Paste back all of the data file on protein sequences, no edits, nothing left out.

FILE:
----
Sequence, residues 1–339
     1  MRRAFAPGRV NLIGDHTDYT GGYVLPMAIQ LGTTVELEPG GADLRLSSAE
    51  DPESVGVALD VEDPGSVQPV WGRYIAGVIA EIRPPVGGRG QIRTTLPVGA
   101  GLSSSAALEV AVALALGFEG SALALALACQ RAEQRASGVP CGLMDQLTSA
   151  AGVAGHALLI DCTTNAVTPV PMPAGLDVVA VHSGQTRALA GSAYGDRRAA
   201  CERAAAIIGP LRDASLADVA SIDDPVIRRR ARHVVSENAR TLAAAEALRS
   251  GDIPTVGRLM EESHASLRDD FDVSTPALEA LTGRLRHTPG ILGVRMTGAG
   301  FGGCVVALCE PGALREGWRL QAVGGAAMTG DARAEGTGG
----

Sequence, residues 1–339
     1  MRRAFAPGRV NLIGDHTDYT GGYVLPMAIQ LGTTVELEPG GADLRLSSAE
    51  DPESVGVALD VEDPGSVQPV WGRYIAGVIA EIRPPVGGRG QIRTTLPVGA
   101  GLSSSAALEV AVALALGFEG SALALALACQ RAEQRASGVP CGLMDQLTSA
   151  AGVAGHALLI DCTTNAVTPV PMPAGLDVVA VHSGQTRALA GSAYGDRRAA
   201  CERAAAIIGP LRDASLADVA SIDDPVIRRR ARHVVSENAR TLAAAEALRS
   251  GDIPTVGRLM EESHASLRDD FDVSTPALEA LTGRLRHTPG ILGVRMTGAG
   301  FGGCVVALCE PGALREGWRL QAVGGAAMTG DARAEGTGG